Hobby Lobby sued for disability discrimination after firing employee with service dog

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The civil rights watchdog is accusing arts and crafts retailer Hobby Lobby of violating federal law after it fired a Kansas employee who wanted to bring her service animal to work.

Hobby Lobby is now facing a federal disability discrimination lawsuit from the Equal Employment Opportunity Commission (EEOC) after failing to settle with the former employee.

The part-time employee, referred to as SC, suffers from PTSD, anxiety and


the Depression

. When she started working for the retailer, she didn’t own a service animal, but officially applied for housing for one in September 2020, according to The Kansas City Star.

After meeting with Human Resources to discuss the details of his request, SC received a denial letter in October.

Although Hobby Lobby allows customer service animals in stores, it was concerned that “a co-worker or customer might be allergic or trip over the dog, or the dog might break something,” according to a press release. of the EEOC.

“Service animals help people with many types of disabilities – from vision and mobility impairments to seizure disorders and mental health issues – to live and work independently,” said David Davis, acting director of the EEOC’s St Louis District Office in a statement. “Employers should not reject service animals, or other reasonable accommodations, based on stereotypes or assumptions about the safety or effectiveness of the accommodation.”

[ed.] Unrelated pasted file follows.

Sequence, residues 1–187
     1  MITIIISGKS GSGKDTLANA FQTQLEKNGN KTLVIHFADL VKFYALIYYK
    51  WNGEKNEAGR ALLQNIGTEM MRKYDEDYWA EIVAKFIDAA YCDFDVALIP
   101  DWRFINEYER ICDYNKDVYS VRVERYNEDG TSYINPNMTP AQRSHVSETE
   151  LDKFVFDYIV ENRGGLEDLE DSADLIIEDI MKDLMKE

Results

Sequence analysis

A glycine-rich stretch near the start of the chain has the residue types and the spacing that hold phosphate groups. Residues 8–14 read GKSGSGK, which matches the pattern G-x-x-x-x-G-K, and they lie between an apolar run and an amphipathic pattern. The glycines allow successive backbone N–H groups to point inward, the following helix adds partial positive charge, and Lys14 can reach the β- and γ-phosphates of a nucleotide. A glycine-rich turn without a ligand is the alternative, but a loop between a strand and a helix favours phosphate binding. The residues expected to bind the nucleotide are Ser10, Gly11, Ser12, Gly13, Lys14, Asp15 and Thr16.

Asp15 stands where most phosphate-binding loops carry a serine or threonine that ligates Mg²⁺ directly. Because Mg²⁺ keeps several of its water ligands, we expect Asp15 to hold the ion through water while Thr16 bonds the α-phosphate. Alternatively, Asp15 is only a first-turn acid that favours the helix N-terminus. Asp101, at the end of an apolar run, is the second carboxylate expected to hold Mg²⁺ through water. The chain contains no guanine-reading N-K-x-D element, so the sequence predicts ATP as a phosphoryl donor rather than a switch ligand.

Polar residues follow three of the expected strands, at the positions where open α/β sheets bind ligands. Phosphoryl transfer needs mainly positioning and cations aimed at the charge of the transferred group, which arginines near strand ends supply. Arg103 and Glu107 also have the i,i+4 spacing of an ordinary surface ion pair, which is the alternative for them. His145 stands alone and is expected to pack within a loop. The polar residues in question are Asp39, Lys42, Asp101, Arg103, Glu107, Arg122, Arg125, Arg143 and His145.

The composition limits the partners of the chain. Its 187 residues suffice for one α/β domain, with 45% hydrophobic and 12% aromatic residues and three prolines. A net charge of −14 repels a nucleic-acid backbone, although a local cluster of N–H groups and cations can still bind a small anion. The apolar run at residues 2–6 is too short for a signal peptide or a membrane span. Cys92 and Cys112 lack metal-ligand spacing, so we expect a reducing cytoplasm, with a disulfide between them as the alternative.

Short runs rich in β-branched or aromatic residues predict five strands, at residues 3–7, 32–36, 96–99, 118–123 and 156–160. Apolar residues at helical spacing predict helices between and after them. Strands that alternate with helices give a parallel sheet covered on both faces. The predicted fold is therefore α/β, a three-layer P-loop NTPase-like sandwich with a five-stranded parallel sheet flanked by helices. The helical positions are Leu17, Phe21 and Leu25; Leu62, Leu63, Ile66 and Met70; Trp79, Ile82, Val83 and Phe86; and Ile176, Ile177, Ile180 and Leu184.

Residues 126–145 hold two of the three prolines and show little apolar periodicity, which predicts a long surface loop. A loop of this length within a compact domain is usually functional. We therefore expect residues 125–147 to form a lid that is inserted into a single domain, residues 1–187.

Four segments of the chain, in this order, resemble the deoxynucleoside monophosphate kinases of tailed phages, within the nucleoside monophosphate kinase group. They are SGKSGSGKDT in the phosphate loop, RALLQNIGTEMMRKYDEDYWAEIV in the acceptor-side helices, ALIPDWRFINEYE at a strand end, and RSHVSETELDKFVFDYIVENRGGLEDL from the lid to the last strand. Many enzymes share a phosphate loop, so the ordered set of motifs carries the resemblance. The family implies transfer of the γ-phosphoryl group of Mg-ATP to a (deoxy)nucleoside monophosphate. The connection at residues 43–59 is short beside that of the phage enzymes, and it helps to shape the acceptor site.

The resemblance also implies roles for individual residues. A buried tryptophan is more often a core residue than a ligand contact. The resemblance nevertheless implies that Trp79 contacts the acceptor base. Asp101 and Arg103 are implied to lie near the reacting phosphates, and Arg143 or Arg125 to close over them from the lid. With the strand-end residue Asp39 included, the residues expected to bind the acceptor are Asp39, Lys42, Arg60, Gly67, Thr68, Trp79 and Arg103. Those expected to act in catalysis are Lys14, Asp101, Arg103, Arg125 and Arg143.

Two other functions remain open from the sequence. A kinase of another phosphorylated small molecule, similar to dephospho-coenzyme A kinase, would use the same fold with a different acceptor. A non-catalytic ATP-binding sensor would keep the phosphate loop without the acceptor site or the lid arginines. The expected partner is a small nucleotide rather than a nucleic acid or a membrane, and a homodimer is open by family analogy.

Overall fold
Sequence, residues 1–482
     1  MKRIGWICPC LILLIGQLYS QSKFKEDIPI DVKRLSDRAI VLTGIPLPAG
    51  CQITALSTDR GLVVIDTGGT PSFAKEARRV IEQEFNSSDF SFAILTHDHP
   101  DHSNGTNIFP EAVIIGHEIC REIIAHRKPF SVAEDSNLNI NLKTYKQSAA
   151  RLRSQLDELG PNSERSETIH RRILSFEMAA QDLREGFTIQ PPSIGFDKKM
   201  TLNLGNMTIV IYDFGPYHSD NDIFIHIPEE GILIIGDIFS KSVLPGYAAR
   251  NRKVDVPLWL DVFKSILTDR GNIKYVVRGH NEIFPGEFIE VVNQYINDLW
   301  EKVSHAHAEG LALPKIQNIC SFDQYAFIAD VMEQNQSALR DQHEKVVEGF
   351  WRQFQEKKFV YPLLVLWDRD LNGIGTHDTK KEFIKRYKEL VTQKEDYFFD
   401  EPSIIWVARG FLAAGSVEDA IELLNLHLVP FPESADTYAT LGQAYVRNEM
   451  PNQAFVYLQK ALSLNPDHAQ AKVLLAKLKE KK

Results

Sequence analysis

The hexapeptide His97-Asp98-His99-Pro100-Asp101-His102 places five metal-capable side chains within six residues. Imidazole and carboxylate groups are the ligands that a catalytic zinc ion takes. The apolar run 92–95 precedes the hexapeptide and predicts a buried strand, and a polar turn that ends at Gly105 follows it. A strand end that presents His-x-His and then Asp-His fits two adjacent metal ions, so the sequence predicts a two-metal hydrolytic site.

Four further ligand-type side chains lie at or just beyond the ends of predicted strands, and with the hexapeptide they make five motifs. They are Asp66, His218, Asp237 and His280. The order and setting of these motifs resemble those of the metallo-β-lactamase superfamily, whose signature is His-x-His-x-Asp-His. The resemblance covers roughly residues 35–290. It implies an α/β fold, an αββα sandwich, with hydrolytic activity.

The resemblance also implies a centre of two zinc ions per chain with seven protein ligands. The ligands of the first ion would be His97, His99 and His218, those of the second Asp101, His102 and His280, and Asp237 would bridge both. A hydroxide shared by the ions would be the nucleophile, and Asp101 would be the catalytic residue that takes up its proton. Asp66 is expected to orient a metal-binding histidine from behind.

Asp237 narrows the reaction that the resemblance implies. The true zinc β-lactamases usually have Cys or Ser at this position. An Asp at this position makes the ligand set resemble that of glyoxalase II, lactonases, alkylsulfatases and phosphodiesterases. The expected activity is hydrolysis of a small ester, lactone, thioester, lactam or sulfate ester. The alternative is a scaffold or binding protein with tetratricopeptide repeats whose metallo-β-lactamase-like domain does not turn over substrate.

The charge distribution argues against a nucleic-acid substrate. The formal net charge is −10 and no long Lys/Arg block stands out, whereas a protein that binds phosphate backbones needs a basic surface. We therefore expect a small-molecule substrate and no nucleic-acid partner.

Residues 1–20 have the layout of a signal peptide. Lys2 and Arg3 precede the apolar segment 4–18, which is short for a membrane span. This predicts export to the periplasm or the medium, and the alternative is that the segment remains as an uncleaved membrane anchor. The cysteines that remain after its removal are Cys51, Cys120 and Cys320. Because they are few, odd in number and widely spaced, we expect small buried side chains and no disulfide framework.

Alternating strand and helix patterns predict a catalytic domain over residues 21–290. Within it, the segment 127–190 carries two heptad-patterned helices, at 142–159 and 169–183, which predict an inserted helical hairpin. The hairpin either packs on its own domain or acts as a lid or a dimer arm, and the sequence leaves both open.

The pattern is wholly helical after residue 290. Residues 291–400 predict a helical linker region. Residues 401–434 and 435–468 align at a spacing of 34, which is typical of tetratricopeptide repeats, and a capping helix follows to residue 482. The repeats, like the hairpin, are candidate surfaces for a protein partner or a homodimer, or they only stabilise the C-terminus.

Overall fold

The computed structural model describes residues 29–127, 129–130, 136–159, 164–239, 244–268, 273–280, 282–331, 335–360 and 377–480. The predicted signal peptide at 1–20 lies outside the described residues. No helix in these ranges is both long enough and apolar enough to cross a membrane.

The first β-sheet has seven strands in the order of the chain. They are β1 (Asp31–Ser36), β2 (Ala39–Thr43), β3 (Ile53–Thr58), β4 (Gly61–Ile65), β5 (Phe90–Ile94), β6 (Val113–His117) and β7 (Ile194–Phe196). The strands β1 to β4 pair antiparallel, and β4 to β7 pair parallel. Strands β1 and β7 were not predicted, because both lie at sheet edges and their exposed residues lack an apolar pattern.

After her application was denied, SC took a week off to complete her service dog training at the end of October 2020. When she returned with the dog and a new request for accommodation, her manager fired her. at home, local reports.

Ultimately, she was fired for “leaving the job,” according to the lawsuit. The EEOC is seeking back wages, punitive damages and reinstatement of the terminated employee.

Hobby Lobby did not respond to a request for comment Saturday afternoon.

In 2014, Hobby Lobby was embroiled in another legal battle over employee health care after filing a lawsuit to cover employee contraceptives with health insurance.

In Burwell v. Hobby Lobby, the Supreme Court has ruled in favor of Hobby Lobby, ruling that it is unconstitutional to require private for-profit businesses to adhere to regulations that owners religiously oppose under the law of 1993 on the restoration of religious freedom.

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